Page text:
BHP names packaging executive Ken MacKenzie as its next chairman
16 June 2017
Mining giant, BHP today named successful packaging executive Ken MacKenzie as its next chairman. Mackenzie is expected to tackle calls to dump its oil business and overhaul the board.
From 1 September, MacKenzie, 53, will succeed Jac Nasser, at a time when the world's biggest miner was being challenged by activist shareholders to revamp its structure and improve returns.
The appointment was hailed by investors and Mackenzie said he planned to meet shareholders in coming weeks to listen to their views. Mackenzie was considered as one of Australia's most successful chief executives in his 10 years running Amcor Ltd.
"It's an important first step in the right direction. Hopefully it creates a platform to be able to review what's amiss with the company in the eyes of some and address the concerns," said Brenton Saunders, an analyst at BT Investment Management, which owned BHP shares.
Canadian-born MacKenzie had successfully steered Amcor, which makes packaging for food producers, industrial companies and pharmaceutical firms, over a period that coincided with the end of a boom period for mining companies.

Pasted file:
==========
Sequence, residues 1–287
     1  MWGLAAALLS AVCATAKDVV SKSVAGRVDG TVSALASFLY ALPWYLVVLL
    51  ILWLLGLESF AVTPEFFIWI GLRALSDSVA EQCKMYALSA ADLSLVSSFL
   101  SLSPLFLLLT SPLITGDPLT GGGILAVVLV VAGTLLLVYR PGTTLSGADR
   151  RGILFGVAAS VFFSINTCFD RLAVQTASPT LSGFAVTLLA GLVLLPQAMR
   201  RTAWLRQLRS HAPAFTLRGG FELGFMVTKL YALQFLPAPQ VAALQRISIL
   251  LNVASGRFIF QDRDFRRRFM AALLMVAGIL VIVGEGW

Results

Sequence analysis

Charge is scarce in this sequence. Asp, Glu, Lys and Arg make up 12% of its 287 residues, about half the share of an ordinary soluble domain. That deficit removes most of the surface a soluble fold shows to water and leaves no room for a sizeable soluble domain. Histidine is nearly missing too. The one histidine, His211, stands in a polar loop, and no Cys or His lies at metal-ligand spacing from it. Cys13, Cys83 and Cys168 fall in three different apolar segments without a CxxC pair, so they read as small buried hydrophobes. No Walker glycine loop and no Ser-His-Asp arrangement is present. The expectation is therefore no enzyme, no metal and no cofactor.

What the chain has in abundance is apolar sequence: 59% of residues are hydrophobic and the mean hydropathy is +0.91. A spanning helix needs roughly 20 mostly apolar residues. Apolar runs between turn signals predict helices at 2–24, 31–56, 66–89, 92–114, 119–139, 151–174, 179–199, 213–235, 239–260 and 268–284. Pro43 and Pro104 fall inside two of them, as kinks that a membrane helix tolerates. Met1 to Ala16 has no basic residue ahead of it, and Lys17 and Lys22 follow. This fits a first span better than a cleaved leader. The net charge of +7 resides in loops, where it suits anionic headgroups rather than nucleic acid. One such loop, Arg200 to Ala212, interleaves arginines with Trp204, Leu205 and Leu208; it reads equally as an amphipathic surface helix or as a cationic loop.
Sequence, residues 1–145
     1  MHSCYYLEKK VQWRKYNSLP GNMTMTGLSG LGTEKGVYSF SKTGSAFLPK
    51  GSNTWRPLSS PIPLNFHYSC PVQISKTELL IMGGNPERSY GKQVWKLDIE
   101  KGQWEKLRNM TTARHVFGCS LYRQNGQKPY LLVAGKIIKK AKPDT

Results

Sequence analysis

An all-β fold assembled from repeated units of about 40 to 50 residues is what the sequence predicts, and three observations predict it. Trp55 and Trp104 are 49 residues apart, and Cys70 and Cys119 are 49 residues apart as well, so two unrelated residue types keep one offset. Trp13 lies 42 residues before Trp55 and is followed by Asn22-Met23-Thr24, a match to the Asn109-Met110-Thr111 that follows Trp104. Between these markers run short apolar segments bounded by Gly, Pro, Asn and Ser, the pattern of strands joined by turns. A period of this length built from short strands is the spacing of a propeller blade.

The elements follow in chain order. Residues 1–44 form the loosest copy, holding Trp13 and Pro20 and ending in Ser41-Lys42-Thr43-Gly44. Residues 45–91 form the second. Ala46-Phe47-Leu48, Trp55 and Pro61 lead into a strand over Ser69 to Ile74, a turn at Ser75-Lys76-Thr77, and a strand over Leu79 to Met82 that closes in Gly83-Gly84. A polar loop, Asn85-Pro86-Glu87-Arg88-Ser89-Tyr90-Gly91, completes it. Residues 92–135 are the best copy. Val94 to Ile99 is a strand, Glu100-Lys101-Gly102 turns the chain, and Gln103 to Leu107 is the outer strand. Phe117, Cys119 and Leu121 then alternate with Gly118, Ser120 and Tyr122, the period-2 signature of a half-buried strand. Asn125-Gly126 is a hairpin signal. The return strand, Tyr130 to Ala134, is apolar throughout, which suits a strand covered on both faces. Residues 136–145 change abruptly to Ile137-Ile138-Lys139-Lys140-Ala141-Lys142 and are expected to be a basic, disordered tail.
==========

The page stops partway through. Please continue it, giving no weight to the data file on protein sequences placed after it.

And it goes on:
Nasser and chief executive Andrew Mackenzie had been the target of criticism from Hedge fund Elliott Management after it released a roadmap of changes it wanted at the company, most notably an exit from US oil and shale businesses.
MacKenzie ''brings extensive global executive experience and a strategic approach,'' Melbourne-based BHP's senior independent director Shriti Vadera, who led the formal succession process, said in the statement. ''He has a proven track record of delivering value for shareholders.''
The incoming chairman will need to guide BHP as it sought to focus on growth in copper and crude oil with slowing economic expansion coupled with peaking steel demand in China limiting the growth outlook for iron ore, the company's top earner, and coking coal.
BHP's announcement comes after a meeting of the producer's board in Chile, where the company held assets, including the world's biggest copper mine.